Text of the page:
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UPI Almanac for Tuesday, April 18, 2017

On April 18, 1942, Lt. Col. James Doolittle led a squadron of B-25 bombers in a surprise raid against Tokyo in response to the Japanese sneak attack on Pearl Harbor on Dec. 7, 1941.

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United Press International
A U.S. Army Air Forces B-25B Mitchell bomber takes off from the USS Hornet (CV-8) aircraft carrier to take part in the first U.S. bombing of Japan on April 18, 1942. The surprise attack, retaliation for the Japanese raid on Pearl Harbor on Dec. 7, 1941, would go down in history as the Doolittle Raid, named after the man who commanded it, Lt. Col. James Doolittle. Photo by NARA
A U.S. Army Air Forces B-25B Mitchell bomber takes off from the USS Hornet (CV-8) aircraft carrier to take part in the first U.S. bombing of Japan on April 18, 1942. The surprise attack, retaliation for the Japanese raid on Pearl Harbor on Dec. 7, 1941, would go down in history as the "Doolittle Raid," named after the man who commanded it, Lt. Col. James Doolittle. Photo by NARA

Today is Tuesday, April 18, the 108th day of 2017 with 257 to follow.

The moon is waning. Morning stars are Jupiter, Saturn, Neptune and Venus. Evening stars are Mercury, Mars and Jupiter.

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Those born on this date are under the sign of Aries. They include Italian Duchess Lucrezia Borgia in 1480; lawyer Clarence Darrow in 1857; conductor Leopold Stokowski in 1882; musician Clarence "Gatemouth" Brown in 1924; actor Barbara Hale in 1922, actor Hayley Mills in 1946 (age 71); actor James Woods in 1947 (age 70); actor Rick Moranis in 1953 (age 64); actor Eric Roberts in 1956 (age 61); actor Jane Leeves in 1961 (age 56); talk show host Conan O'Brien in 1963 (age 54); actor Eric McCormack in 1963 (age 54); actor Maria Bello in 1967 (age 50); actor Melissa Joan Hart in 1976 (age 41); TV personality Kourtney Kardashian in 1979 (age 38).


On this date in history:

RELATED Allied warplanes bomb Tokyo

In 1506, the cornerstone was placed for St. Peter's Basilica in Rome.

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In 1775, U.S. patriot Paul Revere began his famous ride through the Massachusetts countryside, crying out "The British are coming!" to rally the minutemen.

In 1831, the University of Alabama was founded.

RELATED One year later, Tokyo raid story told

In 1906, an earthquake estimated at magnitude-7.8 struck San Francisco, collapsing buildings and igniting fires that destroyed much of what remained of the city. Researchers and historians concluded that about 3,000 people died in the quake and its aftermath, and roughly 250,000 were left homeless.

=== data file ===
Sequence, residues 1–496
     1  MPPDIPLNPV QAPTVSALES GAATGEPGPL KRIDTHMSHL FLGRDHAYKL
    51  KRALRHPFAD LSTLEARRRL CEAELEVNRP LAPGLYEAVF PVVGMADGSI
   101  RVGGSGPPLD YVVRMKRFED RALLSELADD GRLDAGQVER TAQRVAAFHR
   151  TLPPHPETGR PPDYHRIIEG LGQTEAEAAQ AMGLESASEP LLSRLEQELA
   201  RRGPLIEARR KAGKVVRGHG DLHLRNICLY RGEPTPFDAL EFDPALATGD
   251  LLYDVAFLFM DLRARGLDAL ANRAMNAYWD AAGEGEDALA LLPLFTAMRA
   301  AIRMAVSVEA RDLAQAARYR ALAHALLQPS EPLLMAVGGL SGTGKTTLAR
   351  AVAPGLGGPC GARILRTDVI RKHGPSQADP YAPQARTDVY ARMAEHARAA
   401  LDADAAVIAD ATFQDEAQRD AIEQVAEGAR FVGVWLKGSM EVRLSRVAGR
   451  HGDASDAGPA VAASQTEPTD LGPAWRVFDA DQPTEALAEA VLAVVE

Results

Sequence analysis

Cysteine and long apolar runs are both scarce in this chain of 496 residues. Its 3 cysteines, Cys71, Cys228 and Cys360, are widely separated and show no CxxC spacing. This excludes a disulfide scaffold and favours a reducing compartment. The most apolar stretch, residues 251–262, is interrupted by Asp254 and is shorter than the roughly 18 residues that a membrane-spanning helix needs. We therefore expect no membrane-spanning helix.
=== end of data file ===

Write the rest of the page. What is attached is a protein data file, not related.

In 1912, three days after the sinking of Titanic, her survivors arrived in New York City aboard the RMS Carpathia.

In 1923, Yankee Stadium opened in New York.

RELATED Japan's version of Tokyo raid is different story

In 1942, Lt. Col. James Doolittle led a squadron of B-25 bombers in a surprise raid against Tokyo in response to the Japanese sneak attack on Pearl Harbor on Dec. 7, 1941.

RELATED Last surviving 'Doolittle Raid' pilot commemorates 75th anniversary

In 1945, U.S. journalist Ernie Pyle, a popular World War II correspondent, was killed by Japanese machine-gun fire on the island of Ie Shima in the Pacific.

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In 1949, the Republic of Ireland formally declared itself independent from Britain.

In 1970, a cow's death spurs anti-litterbug fight. When Robin died the day before she was to be entered at a state fair, Edgar Grimes decided to take up the battle against roadside litter in Oregon.

In 1980, Rhodesia became the independent African nation of Zimbabwe.

In 1983, the U.S. Embassy in Beirut, Lebanon, was severely damaged by a car-bomb explosion that killed 63 people, including 17 Americans.

In 1992, an 11-year-old Florida boy sued to "divorce" his natural parents and remain with his foster parents. The boy eventually won his lawsuit.

In 2002, former U.S. Sen. Bob Kerrey, D-Neb., revealed that at least 13 civilians were killed by his U.S. Navy unit in a Vietnamese village in 1969.

In 2004, in one of his first acts as Spain's prime minister, Jose Luis Rodriguez Zapatero issued orders withdrawing all 1,300 Spanish troops from Iraq.

In 2007, more than 125 people were killed in a suicide car-bomb explosion near a Baghdad market.

In 2012, Secretary of State Leon Panetta condemned the behavior of U.S. soldiers photographed posing with corpses of Afghan insurgents in 2010.

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In 2014, an avalanche on what is known as a particularly dangerous route to the top of Mount Everest in the Himalayas killed 16 Sherpa guides.


A thought for the day: Edward W. Howe said, "If you don't learn to laugh at troubles, you won't have anything to laugh at when you grow old."

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